Saturday, 13 October 2012

Food at Exmoor House: 'traditional with a twist'

One of the main things that makes Exmoor House a bit different is our food. Our guests tell us that it’s a highlight of their visit and a major reason why they come back and stay with us again. Generally about 80% of guests have dinner here; many book our multi-night dinner, bed & breakfast packages.

So, why is our food different? For a start it’s genuinely home-made, by an expert. Frank trained as a chef quite a few years ago but hadn’t cooked for a living for some time. He really enjoyed getting back in a professional kitchen again when we bought Exmoor House – something to get his teeth into, as it were.

We aim to be imaginative in our cooking without being too way out or fancy (traditional with a twist is how I describe it). Some recipes are our invention; others we’ve gleaned from various sources and adapted. Just a few of our specialities: proper pies; ice creams; breads; pickles and preserves. You’ll find a previous post about our pies here:

The menu changes every day. There are normally two or three choices for each course rather than a vast array of dishes (quality over quantity is the watchword). So that everybody has a good choice, we encourage guests to discuss any dietary needs and preferences with us when they book.

And that brings me to another Exmoor House difference: catering for special diets. Each day’s menu is designed around the guests who are eating with us that evening. We do some really good vegetarian food. To give you some examples, here’s a link to my summery guest post on Jane Alexander’s Exmoor Jane blog:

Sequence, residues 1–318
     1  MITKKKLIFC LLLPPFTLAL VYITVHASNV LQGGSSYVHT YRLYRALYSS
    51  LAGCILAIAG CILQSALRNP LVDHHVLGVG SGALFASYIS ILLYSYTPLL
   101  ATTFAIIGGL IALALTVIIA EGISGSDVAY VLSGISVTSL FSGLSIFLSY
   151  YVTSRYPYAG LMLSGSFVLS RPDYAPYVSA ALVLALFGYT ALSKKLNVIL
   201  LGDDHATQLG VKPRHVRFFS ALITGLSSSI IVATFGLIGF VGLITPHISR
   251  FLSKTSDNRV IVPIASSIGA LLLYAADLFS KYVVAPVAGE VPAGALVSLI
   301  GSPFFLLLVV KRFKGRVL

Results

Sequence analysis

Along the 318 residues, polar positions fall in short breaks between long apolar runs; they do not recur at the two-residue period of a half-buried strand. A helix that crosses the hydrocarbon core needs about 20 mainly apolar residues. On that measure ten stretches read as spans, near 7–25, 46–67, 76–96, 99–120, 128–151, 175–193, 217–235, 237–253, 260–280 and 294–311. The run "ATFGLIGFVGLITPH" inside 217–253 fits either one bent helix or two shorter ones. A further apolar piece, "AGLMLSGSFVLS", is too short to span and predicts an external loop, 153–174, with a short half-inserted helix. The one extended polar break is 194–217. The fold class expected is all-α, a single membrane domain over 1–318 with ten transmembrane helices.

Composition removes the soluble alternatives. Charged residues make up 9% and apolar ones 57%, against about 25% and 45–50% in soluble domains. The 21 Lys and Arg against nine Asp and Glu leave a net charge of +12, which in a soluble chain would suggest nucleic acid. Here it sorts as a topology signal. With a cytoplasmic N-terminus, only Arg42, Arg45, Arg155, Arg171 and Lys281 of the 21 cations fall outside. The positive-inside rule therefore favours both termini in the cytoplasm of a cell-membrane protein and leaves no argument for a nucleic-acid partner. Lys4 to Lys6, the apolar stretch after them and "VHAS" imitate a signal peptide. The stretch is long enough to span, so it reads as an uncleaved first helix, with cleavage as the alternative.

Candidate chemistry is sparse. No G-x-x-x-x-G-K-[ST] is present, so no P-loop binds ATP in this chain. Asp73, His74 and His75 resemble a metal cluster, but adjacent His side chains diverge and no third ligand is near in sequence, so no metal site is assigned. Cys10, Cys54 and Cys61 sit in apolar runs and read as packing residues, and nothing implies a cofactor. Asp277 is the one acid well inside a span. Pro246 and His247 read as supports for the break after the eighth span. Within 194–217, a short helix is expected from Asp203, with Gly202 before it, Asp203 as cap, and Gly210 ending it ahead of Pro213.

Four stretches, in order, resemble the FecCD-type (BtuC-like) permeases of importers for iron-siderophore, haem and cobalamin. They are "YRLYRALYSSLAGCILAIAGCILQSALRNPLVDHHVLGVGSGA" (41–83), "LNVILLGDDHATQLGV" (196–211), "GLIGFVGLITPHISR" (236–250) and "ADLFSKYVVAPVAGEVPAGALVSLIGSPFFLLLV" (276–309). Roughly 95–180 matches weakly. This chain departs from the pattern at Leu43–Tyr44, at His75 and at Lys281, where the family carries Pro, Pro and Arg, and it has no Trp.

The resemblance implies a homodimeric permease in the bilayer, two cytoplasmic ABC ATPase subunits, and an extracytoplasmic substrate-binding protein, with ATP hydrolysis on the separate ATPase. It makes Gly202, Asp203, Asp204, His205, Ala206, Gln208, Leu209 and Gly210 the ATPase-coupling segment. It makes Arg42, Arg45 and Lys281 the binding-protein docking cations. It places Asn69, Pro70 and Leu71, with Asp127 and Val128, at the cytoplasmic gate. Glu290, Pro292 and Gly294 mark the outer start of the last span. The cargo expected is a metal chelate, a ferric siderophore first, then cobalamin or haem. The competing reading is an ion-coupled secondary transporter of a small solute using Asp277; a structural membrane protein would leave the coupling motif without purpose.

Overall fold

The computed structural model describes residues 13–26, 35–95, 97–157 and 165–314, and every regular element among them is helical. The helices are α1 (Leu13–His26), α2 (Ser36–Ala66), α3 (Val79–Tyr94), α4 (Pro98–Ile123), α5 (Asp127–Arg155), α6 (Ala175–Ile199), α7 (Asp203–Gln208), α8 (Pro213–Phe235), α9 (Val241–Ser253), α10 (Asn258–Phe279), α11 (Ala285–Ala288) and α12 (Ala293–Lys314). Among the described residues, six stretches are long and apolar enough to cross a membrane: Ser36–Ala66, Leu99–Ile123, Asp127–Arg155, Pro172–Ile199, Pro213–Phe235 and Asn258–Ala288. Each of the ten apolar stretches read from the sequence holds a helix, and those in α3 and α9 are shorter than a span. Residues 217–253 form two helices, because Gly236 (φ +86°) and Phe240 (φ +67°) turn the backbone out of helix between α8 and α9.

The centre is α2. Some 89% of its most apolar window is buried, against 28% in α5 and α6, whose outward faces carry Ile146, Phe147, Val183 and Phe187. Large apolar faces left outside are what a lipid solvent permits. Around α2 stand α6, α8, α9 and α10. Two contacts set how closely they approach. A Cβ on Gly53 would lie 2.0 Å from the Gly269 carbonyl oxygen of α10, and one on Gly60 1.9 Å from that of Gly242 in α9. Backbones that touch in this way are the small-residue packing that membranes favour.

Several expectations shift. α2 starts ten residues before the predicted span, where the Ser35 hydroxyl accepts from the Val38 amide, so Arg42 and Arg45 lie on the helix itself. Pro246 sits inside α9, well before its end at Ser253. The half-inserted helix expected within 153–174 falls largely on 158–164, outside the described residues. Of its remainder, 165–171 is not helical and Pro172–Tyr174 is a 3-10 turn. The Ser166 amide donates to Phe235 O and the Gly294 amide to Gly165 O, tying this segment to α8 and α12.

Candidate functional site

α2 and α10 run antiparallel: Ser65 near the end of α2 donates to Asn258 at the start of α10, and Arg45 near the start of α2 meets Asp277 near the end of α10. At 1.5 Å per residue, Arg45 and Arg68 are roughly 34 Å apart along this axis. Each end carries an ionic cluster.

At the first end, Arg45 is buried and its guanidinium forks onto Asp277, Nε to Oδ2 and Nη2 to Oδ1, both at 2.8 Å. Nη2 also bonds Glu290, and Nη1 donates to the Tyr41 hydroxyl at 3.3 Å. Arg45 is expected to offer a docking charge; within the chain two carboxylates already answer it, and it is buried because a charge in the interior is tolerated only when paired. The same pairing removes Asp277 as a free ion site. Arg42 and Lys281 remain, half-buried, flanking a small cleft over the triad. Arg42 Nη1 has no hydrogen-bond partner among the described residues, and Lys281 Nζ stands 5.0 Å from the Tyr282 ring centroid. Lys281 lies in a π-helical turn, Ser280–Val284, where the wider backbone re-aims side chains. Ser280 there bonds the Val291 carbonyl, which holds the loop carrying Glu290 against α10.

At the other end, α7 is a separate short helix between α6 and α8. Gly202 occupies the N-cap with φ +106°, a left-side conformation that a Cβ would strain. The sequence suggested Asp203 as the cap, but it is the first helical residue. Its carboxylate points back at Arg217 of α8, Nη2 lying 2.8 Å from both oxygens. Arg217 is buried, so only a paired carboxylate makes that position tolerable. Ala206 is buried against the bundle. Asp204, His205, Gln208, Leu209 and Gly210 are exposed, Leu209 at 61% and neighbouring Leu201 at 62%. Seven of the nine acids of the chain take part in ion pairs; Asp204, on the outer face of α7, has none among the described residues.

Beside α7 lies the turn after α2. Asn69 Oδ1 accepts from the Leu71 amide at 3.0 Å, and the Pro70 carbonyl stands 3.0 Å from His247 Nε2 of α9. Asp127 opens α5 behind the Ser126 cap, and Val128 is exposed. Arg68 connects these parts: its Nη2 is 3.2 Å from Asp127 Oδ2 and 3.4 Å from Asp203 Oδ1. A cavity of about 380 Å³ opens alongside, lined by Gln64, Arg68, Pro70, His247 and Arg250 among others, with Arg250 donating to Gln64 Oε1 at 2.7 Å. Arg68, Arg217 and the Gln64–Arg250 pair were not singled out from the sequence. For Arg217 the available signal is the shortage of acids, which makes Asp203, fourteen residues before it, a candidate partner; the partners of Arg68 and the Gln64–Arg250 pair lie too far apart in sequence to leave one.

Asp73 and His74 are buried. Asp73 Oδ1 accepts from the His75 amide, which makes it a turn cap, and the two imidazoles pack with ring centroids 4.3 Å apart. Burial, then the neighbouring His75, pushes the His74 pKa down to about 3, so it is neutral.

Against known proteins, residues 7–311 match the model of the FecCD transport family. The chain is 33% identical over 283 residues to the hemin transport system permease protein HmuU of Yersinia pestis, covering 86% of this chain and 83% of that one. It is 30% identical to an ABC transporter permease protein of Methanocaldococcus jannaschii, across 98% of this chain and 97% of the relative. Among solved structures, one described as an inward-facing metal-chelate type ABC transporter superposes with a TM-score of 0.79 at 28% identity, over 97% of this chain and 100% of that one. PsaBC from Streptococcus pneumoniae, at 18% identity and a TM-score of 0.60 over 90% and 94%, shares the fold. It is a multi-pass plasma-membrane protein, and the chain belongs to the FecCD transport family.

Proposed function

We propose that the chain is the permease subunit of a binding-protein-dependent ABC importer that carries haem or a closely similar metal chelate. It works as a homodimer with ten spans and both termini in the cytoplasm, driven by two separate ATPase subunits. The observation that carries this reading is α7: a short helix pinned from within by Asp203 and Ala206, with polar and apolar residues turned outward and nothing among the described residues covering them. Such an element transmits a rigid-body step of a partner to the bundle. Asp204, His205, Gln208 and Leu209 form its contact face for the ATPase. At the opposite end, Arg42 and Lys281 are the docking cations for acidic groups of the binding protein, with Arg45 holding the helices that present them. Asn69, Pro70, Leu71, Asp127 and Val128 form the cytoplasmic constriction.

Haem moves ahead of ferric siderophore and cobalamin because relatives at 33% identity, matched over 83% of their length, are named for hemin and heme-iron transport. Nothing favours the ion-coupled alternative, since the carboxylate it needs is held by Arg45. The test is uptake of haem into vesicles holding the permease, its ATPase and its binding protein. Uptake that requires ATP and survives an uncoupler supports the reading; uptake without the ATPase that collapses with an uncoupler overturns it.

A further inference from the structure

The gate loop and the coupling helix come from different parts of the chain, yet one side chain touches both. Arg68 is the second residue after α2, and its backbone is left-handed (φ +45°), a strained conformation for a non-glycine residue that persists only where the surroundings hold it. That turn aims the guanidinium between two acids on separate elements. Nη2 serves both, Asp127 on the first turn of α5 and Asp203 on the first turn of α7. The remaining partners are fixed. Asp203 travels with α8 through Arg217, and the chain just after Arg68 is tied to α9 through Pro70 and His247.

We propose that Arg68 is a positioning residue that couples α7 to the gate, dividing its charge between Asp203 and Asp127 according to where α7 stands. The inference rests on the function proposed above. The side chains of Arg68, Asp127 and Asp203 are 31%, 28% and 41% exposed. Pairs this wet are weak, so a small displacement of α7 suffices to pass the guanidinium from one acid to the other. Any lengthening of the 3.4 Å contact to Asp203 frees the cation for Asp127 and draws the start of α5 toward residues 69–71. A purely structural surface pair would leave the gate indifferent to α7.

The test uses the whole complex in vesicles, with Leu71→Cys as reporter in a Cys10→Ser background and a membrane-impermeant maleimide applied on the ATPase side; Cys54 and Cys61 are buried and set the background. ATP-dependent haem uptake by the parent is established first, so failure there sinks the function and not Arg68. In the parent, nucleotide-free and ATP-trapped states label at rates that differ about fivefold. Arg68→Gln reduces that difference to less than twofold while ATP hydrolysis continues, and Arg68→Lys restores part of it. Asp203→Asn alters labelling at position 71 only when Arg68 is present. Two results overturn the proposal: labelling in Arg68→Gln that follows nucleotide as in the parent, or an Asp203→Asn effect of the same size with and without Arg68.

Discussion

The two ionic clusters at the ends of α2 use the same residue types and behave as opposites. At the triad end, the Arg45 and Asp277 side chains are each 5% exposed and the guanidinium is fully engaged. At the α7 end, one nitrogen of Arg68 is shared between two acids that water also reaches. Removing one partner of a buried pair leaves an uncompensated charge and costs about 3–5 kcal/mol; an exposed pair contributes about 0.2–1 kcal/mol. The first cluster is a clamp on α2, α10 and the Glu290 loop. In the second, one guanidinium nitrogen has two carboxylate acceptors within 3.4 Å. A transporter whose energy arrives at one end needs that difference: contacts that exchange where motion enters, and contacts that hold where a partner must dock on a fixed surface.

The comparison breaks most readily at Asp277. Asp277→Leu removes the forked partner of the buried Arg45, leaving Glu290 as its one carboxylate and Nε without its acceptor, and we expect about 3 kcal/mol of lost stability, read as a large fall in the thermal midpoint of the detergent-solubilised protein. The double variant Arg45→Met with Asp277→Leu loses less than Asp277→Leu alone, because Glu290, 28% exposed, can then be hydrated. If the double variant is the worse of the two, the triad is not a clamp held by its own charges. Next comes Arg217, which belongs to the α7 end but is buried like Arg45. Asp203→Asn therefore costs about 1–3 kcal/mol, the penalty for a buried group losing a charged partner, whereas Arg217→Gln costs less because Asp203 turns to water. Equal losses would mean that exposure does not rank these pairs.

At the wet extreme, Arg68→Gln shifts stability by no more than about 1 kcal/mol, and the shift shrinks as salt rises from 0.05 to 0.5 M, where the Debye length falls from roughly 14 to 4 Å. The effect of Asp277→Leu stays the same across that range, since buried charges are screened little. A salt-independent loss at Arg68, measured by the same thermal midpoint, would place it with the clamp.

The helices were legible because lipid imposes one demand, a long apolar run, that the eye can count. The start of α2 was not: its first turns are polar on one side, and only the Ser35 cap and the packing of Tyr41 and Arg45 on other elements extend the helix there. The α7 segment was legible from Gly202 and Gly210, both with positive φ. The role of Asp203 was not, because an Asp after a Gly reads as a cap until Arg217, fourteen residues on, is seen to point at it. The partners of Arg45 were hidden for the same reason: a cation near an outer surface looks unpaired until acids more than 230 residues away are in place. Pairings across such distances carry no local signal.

And other requirements? For example, if you don’t eat wheat, gluten, dairy, prefer to follow a low-fat diet, or there’s anything you are allergic to, let us know when you make your booking and we’ll see if we can devise menus to suit. Of course, do tell us if there’s something you’d really like to see on the menu, too! You can find a review by some of our regular guests here:

We insist on good quality ingredients, and wherever possible we use local producers and suppliers, both from an environmental point of view and because we want to support other local businesses. I blogged about this a while ago:

Most of the suppliers we use are the still the same people as in the above post (we have a good relationship with them and they’re consistent and reliable). There is one significant change, though – our previous wine merchant has retired and we now get most of our wine from the equally excellent Vitis Vinifera, based down the hill in Dunster.